You are here
Climate affects food availability to planktivorous least auklets Aethia pusilla through physical processes in the southeastern Bering Sea
|Title||Climate affects food availability to planktivorous least auklets Aethia pusilla through physical processes in the southeastern Bering Sea|
|Publication Type||Journal Article|
|Year of Publication||2012|
|Authors||Dorresteijn, I, Kitaysky, AS, Barger, C, Benowitz-Fredericks, ZM, Byrd, GV, Shultz, M, Young, R|
|Journal||Marine Ecology Progress Series|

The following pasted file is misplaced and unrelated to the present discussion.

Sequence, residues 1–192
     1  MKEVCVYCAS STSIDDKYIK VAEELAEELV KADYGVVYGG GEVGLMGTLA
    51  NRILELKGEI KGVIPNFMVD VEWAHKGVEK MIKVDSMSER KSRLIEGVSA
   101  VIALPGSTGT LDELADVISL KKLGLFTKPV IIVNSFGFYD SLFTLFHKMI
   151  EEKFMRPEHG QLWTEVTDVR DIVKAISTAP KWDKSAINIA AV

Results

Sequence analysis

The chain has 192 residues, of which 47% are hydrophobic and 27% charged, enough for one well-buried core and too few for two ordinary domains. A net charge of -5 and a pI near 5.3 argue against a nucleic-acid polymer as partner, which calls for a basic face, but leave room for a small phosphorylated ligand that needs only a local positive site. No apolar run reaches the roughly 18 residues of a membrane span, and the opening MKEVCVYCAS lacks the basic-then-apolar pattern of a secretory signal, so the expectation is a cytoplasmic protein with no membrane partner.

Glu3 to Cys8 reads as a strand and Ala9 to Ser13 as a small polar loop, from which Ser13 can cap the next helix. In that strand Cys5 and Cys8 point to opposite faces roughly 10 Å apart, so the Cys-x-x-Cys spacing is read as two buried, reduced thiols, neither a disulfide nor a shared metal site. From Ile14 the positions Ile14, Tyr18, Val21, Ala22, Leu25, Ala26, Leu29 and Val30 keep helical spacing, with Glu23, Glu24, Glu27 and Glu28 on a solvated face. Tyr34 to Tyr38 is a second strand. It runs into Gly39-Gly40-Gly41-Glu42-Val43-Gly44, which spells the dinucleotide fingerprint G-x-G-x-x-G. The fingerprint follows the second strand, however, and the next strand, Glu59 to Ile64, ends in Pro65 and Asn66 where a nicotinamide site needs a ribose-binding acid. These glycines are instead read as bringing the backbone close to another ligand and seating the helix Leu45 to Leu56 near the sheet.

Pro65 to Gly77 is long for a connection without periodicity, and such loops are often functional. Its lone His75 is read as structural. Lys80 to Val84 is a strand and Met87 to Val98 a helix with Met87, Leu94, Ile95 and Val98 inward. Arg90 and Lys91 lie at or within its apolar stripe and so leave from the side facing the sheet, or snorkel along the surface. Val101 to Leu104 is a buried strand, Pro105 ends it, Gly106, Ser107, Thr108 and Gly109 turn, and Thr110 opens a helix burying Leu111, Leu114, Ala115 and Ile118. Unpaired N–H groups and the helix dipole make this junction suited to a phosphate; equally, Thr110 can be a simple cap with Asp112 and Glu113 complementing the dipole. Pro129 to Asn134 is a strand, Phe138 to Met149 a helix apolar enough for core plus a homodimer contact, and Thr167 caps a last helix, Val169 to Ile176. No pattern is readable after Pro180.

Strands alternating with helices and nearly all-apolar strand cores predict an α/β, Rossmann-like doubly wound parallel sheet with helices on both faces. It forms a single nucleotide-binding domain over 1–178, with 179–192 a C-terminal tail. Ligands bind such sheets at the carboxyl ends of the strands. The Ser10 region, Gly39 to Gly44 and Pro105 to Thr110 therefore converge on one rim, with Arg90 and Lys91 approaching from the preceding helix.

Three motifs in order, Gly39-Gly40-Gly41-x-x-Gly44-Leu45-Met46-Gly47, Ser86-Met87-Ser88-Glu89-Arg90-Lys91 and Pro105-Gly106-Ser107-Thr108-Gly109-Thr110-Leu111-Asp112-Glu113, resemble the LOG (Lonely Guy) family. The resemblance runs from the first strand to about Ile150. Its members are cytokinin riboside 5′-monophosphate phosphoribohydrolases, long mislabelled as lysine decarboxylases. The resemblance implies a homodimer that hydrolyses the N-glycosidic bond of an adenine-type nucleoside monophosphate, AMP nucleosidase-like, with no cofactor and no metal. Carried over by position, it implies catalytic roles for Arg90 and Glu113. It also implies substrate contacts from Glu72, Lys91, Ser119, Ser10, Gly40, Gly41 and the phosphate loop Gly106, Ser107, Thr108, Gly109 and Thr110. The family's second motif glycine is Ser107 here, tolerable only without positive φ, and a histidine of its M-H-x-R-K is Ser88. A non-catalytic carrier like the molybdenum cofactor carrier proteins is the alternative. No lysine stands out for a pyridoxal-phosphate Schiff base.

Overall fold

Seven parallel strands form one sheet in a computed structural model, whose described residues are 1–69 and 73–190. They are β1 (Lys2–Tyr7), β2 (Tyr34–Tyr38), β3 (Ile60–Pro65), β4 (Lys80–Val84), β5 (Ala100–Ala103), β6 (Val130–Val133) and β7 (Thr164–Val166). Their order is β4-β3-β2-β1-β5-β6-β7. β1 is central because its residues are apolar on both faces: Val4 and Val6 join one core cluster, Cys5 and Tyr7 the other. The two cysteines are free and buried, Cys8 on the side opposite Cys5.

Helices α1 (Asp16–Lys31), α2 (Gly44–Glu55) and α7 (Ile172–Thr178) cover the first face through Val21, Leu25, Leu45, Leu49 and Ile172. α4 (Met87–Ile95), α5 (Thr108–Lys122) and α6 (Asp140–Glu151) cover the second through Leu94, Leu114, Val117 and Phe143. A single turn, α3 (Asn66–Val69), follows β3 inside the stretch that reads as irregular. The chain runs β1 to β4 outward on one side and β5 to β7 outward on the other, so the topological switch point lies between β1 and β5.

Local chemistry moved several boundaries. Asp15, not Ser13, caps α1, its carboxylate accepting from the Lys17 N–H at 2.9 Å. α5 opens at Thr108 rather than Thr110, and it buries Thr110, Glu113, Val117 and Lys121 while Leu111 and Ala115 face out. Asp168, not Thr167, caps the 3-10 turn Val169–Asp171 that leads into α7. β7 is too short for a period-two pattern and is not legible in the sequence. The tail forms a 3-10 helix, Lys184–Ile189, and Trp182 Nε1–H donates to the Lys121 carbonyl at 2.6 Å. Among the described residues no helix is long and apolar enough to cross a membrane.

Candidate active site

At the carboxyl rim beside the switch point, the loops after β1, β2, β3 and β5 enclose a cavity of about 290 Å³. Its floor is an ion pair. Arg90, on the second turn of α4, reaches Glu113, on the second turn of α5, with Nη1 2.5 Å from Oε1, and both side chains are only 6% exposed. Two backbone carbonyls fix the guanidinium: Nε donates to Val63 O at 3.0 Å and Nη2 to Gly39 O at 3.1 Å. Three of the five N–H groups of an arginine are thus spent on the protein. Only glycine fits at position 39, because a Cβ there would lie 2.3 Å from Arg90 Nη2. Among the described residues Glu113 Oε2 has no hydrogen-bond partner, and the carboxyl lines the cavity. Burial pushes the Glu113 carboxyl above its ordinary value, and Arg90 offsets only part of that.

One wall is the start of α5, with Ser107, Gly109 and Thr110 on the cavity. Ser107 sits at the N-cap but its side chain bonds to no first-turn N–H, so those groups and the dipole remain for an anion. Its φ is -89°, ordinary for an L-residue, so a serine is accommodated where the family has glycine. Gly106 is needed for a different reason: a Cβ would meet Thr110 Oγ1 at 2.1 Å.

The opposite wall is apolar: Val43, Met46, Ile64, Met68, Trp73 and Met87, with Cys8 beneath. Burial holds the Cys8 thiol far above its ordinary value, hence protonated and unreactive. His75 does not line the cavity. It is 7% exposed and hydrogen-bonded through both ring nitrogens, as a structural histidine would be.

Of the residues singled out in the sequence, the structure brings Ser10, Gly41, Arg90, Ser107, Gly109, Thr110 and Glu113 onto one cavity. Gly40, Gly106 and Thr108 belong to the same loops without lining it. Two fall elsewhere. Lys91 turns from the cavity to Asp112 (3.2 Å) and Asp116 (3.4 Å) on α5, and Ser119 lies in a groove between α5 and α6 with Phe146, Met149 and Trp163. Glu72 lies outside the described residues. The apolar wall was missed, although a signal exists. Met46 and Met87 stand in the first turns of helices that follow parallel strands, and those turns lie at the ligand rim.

Climate change might affect marine top predators by altering availability and nutritional quality of their prey. Climate effects vary on a regional basis, and our understanding of the relationships between fluctuations in climate and food resources in sub-arctic regions with seasonal ice cover is limited. We studied the effects of inter-annual climate variability (as reflected in the Pacific Decadal Oscillation, PDO, and the timing of the winter ice retreat) on zooplankton–planktivorous predator linkages in one of the most productive regions of the southeastern Bering Sea, the ‘Green Belt’. We examined changes in diets (species composition of chick meals and stable isotope signatures of adult blood) and relative food availability (as reflected in blood plasma concentrations of the stress hormone corticosterone) of planktivorous least auklets Aethia pusillabreeding on St. George I. (shelf-break) and St. Paul I. (shelf) during 2003 to 2005 and 2008 to 2009. We found that isotopic signatures of blood and composition of chick meals differed between the colonies. The proportion of energy-rich oceanic copepods Neocalanus spp. in the diet declined during warm years (high PDO and early ice retreat) on St. Paul but not on St. George. However, inter-annual and seasonal dynamics of corticosterone were similar between the colonies, and aukletsexperienced higher nutritional stress during warm compared to cold years. Our results suggest that the influx of prey-bearing water masses from the ocean basin and the retention time of oceanic copepods on the shelf are the main factors affecting composition of prey and its availability to auklets. We conclude that anticipated climate warming will negatively affect food availability of planktivorous predators in the Green Belt region of the southeastern Bering Sea.